After taking us through the content and process theories of motivation, Chartered Psychologist Dr Lynne Whatmore briefly outlines the personality theory of motivation, explaining why its link with financial rewards is so often a favoured option.
In the first of my three articles, I looked at Content theories of motivation and suggested that, even though they still seem to merit a place in every leadership training course, there are other more modern theories that deserve just as much attention.
Last month - in my second article - I turned my attention to the process theories and tried to show that, even though they may be more complex than their well-known predecessors, some feel they have much more potential for analysing current motivation problems.
Now, finally, I'd like to explore the personality theories of motivation and show why, for example, it's often the favoured motivation device in sales management.
Personality theories of motivation
Probably the most useful of the personality theories are those that focus on needs, in particular need for Power (nPower), need for Achievement (nAch) and need for Affiliation (nAff).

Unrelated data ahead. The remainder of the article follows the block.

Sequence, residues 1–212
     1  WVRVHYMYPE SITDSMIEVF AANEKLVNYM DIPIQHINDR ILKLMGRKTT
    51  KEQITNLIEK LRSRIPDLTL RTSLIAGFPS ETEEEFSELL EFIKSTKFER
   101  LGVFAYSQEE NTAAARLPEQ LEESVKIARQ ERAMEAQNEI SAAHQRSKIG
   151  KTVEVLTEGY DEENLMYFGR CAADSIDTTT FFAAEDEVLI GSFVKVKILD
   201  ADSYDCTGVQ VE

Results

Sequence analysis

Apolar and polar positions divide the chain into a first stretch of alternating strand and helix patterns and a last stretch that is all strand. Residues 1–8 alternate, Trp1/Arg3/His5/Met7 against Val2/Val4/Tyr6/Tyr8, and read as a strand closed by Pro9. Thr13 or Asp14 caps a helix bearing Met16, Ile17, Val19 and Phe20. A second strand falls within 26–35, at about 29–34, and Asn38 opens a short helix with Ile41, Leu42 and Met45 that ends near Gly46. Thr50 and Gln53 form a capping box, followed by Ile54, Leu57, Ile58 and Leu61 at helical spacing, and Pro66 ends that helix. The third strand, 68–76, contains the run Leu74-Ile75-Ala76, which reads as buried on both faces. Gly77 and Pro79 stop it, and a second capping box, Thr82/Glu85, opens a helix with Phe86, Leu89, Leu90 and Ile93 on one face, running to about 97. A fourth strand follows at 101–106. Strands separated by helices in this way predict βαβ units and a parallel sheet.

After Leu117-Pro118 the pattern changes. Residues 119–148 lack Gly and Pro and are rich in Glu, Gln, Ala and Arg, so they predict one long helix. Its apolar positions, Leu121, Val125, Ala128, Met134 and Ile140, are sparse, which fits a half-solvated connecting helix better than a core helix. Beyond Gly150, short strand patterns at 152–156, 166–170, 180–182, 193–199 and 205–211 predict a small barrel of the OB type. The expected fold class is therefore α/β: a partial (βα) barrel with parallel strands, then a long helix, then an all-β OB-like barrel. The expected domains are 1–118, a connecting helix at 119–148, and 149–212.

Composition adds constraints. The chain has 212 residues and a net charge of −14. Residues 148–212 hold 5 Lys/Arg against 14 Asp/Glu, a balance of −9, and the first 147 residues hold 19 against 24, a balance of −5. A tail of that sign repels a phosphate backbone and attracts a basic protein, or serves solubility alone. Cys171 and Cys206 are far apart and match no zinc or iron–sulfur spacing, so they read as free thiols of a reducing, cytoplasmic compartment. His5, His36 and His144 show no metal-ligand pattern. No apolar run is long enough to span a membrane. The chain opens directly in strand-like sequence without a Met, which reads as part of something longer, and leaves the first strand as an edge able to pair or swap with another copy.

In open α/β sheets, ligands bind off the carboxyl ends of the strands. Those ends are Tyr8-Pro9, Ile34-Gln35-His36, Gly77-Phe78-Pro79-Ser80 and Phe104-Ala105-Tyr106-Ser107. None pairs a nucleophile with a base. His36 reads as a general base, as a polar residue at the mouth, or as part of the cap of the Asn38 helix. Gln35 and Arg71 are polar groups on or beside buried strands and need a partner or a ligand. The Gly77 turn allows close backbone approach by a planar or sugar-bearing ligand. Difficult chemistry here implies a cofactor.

Considerable research has been carried out on these three characteristics and various elements have been linked to achievement in particular roles. For sales people, nAch seems to be of particular value.
Individuals with a high level of achievement motivation (nAch) enjoy challenge, find accomplishing a task satisfying in itself, want to perform to the best of their ability and enjoy competing with, and preferably beating, others.
They also like to know how they are doing, which brings us back to the use of money as an incentive, because financial rewards can be viewed as a form of feedback on progress towards goals.
Motivating the high nAch individual should not, then, present much difficulty. Identifying people's level of achievement is harder. There are psychometric questionnaires that purport to do this... but that's another story.
A Range of Tactics
So, motivating individuals effectively requires a range of tactics. There are a lot of elements to consider and, unfortunately, no 'painting by numbers' approach.
Managers need to understand various approaches in order to choose the most appropriate in any given situation. Motivating people is a skill that goes far beyond commission schemes, salary levels and added benefits.
If only it were that simple.